SINGAPORE ~ Regional officials praised this week Indonesia’s efforts to reduce a haze caused by forest fires which regularly choke Southeast Asia.
The blazes, set by large plantations and farmers, send smoke into Indonesian skies and across boundaries into neighboring countries each year during the May to October dry season.
“I wouldn’t say that there will be no haze,” Yaacob Ibrahim, Singapore’s Minister for the Environment and Water Resources, told reporters after talks among regional officials on Monday on ways to tackle the haze.
“But having said that, we also noted the efforts of our Indonesian counterparts, where they have set a target and reaffirmed the target to reduce the hotspots by 50 percent — which we welcome.”
Yaacob said the target gave cause for optimism that “the situation will be slightly better” than in 2006, the last severe outbreak of the haze.
Singapore joined representatives from Brunei, Malaysia, Indonesia and Thailand for Monday’s talks.
“Over the next few months, increased hotspot activities may occur in the fire-prone areas of Sumatra, peninsula Malaysia and Borneo, particularly during extended periods of dry weather,” the committee said in a statement.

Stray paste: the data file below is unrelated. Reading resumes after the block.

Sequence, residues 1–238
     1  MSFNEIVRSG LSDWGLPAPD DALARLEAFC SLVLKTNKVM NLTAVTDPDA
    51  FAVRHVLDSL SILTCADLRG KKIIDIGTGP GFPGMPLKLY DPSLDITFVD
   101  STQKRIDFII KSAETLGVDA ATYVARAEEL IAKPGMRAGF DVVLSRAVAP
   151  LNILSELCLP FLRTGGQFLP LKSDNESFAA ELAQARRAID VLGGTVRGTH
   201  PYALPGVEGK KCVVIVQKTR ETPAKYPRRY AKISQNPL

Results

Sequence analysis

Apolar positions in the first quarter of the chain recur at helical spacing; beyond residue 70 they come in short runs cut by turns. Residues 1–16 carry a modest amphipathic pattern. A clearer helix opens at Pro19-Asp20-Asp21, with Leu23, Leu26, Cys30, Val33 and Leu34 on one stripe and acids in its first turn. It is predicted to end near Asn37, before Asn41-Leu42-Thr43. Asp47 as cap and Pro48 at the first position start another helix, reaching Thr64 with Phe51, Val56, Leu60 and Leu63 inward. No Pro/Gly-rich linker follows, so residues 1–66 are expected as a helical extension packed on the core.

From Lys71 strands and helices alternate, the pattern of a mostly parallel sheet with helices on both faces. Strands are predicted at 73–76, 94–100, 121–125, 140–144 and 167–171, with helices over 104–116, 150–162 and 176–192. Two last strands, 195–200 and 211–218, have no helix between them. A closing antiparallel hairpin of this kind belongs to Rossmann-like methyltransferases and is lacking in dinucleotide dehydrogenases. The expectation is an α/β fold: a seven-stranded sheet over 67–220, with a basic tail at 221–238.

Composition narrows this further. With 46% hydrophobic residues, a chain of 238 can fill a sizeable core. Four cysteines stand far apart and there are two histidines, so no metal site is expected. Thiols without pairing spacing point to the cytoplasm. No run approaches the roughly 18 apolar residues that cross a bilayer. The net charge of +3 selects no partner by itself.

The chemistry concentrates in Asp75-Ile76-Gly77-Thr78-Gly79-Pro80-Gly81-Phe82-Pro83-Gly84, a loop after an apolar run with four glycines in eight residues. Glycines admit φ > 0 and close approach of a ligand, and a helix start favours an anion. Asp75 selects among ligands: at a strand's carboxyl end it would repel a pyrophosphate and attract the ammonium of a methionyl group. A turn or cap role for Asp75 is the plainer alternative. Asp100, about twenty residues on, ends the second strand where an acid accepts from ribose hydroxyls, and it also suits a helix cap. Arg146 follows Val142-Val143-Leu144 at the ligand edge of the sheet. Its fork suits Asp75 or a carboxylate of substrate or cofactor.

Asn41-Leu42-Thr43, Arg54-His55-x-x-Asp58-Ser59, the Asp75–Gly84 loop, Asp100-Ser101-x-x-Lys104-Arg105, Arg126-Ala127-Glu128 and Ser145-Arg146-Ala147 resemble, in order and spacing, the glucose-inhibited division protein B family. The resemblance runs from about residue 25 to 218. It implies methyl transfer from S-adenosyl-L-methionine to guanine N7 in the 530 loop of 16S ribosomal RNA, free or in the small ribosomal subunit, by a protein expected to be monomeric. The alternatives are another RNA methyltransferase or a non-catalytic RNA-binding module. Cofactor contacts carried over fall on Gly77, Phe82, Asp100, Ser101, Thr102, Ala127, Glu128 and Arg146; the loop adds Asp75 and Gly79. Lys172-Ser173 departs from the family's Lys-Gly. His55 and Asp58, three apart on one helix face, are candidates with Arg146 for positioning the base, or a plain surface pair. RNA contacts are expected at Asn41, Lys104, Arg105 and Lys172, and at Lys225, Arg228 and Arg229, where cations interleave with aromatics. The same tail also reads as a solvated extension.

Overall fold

It said parts of Southeast Asia “can expect drier weather in the next three months as compared to the same period last year.”
Indonesia’s Environment Minister Rachmat Witoelar said in April that hotspots had been reduced by 51 percent last year in key provinces and that improvement should continue.
Firefighting helicopters will be put on standby in the most fire-prone provinces, said Masyud, director of the information centre at Indonesia’s ministry of forestry.
“Indonesia is highly concerned with land and forest fires and we are prepared to manage it if it happens this year,” Masyud said.
“So far the weather has been kind. There has been a lot of rain.”
The worst haze outbreak in 1997-98 cost the region an estimated US$9 billion by disrupting air travel, tourism and other business.
Officials will hold further talks in Thailand in October.